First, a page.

Government policies and regulations influence the implementation of resilience principles in several ways:
- Provide the foundation for allocating public funding. Implementation of the principles of representation and replication, protection of critical areas, and connectivity has cost implications. Strong support for these principles in public policies will help in the inevitable deliberations over funding priorities and budgets.
- Provide the framework for national, regional, and local strategies for coastal and marine resource use and management, corresponding institutional roles and relationships, and incentives to private actions. These strategies are an excellent place to make the case for how resilient marine and coastal areas are able to provide reliable, lasting economic and social benefits for people. Policies that involve local communities and other resource users in management processes can facilitate effective management and reduce costs of enforcement. Clear delineation of roles and responsibilities among government agencies—and between different levels of government—can do the same. Strong policies provide support for the protection of critical areas, such as spawning aggregation sites, or mangrove areas within MPA networks.
- Determine what measures are used and what information is collected to guide adaptive management. Managers need information on whether the application of resilience principles is working. Data collected by governments—directly or through partnerships with others—are likely to be the main source of this information. What data are collected, by whom, and how they are used will largely be determined by the policies and regulations that govern coastal and marine management.
- Provide the link between national actions and commitments in international agreements—and sometimes financial and technical assistance—related to marine conservation. The actions agreed upon in paragraph 32 of the Implementation Plan of the World Summit on Sustainable Development (Johannesburg, 2002), and in the Programs of Work on Marine and Coastal Biodiversity and on Protected Areas of the Convention on Biological Diversity reflect the importance of applying resilience principles in coastal and marine management policies. Making explicit links to these agreements in national policy will enable countries to report on progress, and to share lessons learned with others in relevant regional or global meetings. In addition, assistance from international funding agencies, such as the Global Environment Facility (GEF), is often linked to country implementation of these agreements.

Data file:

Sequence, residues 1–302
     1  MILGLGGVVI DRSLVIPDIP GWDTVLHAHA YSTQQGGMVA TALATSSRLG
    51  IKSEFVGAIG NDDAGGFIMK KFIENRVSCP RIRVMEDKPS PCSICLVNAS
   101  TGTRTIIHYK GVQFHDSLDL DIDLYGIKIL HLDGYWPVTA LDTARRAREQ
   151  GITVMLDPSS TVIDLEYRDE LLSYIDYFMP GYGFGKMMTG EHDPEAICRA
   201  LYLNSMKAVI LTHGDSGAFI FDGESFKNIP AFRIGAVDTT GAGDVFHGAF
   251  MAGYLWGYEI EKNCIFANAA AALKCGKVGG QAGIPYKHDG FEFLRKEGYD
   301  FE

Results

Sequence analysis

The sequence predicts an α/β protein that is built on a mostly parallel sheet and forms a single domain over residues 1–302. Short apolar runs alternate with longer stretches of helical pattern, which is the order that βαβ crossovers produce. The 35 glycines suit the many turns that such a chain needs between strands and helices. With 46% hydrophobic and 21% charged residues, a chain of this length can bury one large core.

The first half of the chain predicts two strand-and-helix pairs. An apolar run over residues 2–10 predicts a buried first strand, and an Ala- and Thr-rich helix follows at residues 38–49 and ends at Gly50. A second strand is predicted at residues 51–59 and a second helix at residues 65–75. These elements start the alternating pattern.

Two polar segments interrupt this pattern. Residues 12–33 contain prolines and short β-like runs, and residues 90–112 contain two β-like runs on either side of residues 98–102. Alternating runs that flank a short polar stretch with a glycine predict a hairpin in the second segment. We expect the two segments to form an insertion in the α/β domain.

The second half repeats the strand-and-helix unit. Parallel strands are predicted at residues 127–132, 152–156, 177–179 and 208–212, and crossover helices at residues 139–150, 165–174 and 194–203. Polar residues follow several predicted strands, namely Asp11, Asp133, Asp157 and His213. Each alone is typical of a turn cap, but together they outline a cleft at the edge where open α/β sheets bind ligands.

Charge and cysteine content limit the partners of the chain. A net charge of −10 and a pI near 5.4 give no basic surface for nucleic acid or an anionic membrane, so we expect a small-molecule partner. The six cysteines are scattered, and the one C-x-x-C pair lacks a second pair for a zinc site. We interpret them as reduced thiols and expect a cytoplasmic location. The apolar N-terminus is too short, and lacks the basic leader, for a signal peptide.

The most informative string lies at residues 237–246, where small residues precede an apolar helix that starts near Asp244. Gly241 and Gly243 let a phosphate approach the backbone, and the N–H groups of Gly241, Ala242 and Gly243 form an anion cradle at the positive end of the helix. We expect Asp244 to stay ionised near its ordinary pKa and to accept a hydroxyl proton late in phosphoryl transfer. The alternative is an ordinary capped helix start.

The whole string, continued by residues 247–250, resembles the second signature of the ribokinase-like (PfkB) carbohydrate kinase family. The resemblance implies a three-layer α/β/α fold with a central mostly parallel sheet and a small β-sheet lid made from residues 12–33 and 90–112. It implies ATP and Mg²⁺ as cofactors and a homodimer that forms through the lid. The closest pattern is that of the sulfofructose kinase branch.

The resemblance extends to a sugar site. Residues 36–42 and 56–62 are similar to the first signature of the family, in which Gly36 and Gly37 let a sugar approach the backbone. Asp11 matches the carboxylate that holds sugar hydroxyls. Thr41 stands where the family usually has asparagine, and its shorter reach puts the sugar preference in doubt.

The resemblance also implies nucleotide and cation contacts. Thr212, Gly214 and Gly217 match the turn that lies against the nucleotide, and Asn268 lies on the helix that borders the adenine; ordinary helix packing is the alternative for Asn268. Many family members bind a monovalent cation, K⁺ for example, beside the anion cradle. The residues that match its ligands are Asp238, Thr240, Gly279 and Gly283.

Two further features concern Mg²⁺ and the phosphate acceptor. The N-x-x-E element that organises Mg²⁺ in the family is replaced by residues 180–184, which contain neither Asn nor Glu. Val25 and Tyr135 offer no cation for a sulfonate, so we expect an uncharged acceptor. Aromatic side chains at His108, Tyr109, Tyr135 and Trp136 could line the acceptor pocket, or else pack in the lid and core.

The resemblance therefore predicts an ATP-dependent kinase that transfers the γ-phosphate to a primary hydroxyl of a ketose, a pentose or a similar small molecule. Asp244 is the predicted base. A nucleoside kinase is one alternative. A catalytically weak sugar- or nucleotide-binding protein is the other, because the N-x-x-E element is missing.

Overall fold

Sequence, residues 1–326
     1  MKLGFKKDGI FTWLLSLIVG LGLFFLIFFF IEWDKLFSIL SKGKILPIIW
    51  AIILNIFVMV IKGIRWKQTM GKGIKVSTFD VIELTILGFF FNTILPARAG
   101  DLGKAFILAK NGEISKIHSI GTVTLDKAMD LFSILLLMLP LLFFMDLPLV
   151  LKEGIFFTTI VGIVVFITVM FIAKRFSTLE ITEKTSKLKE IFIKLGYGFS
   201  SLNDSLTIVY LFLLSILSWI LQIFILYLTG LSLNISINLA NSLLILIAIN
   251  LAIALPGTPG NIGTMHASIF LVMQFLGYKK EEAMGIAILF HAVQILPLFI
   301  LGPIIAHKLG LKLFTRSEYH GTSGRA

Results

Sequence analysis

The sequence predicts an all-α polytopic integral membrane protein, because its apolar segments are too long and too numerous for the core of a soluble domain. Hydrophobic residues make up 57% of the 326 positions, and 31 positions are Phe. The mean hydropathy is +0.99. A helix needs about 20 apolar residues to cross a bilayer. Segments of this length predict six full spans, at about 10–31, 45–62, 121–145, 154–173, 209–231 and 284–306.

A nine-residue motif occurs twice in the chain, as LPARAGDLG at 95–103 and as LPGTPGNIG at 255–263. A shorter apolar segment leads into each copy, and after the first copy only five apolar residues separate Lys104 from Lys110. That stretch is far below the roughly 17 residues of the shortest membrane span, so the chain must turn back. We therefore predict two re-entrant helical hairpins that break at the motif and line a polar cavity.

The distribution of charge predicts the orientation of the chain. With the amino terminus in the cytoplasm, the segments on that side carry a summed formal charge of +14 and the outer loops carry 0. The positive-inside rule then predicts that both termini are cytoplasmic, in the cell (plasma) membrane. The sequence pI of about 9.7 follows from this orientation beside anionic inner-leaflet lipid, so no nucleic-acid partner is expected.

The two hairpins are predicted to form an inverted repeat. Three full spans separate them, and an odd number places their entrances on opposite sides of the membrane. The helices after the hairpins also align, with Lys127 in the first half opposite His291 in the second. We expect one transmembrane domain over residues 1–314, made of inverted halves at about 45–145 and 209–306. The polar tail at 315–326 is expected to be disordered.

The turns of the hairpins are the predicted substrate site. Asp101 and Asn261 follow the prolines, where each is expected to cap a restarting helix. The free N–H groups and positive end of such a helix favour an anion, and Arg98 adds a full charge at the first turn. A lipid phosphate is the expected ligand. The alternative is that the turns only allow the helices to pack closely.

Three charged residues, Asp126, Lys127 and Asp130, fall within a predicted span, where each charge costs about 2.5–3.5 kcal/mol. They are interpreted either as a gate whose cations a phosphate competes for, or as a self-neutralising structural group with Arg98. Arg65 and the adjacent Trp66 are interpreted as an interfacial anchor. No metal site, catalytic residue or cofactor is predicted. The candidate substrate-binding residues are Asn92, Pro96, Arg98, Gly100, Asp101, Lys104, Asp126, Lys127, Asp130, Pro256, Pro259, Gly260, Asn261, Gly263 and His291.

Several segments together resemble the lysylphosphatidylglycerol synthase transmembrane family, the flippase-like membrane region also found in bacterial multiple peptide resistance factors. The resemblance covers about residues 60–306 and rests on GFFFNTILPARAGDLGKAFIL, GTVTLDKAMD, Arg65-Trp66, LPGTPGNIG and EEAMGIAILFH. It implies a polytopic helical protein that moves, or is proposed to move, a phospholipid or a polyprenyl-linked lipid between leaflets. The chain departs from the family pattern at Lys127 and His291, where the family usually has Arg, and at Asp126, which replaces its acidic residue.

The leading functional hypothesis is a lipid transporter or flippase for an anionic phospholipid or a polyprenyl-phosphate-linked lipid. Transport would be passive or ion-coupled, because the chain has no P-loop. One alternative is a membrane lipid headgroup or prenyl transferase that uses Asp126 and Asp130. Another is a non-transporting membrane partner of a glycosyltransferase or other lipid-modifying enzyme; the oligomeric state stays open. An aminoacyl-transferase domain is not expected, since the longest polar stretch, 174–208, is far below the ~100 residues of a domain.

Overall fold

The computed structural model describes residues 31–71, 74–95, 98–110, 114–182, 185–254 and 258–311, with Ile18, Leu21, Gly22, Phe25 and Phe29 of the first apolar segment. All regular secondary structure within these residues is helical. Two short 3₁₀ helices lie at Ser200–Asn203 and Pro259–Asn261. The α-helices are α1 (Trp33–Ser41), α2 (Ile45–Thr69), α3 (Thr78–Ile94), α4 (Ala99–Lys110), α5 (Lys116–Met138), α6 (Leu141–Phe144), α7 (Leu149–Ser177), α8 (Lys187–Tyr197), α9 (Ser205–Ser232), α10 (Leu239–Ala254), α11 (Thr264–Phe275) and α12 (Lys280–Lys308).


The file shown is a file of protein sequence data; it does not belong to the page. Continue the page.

Therefore, working to establish a favorable public policy environment for incorporating resilience principles, in national and local coastal and marine management, can be a major factor in the success of these efforts.
Several actions can be taken to support government policy or regulatory changes that reflect better the resilience principles:
- Develop credible information and analyses that show how implementing the resilience principles can lead to more reliable and sustained benefits for people from coastal and marine resources. These benefits include increased livelihood security for poor communities that substantially rely on these resources, sustainable fish stocks for commercial and recreational fishers, and enjoyable tourism opportunities. Different benefits may appeal to different audiences, which may be important in influencing public policy decisions. This information can then provide the basis for effective communication efforts, using various media aimed at providing a strong rationale for government and private actions to implement these principles, including through policy changes.
- A number of individuals, officials, legislators, organizations, government agencies, and other interest groups have stakes in and an influence on public policy regarding marine and coastal resource management. These will likely vary for different situations and levels of government (i.e., local, provincial or national). Identifying influential stakeholders, providing them information, and involving them in discussions about the benefits of implementing the resilience principles will be important to build support for establishing favorable policies and regulations.
- Building strong partnerships and coalitions among groups interested in resilient marine resources is an effective way to help build supportive policies and regulations. It is important to engage and build relationships with all interested stakeholders, including representatives from government, industry, academia, and civil society organizations.
- Suggested legislative or regulatory language put forward by such coalitions can help move beyond general discussions of principles, to specific provisions that will create favorable conditions for implementing the resilience principles.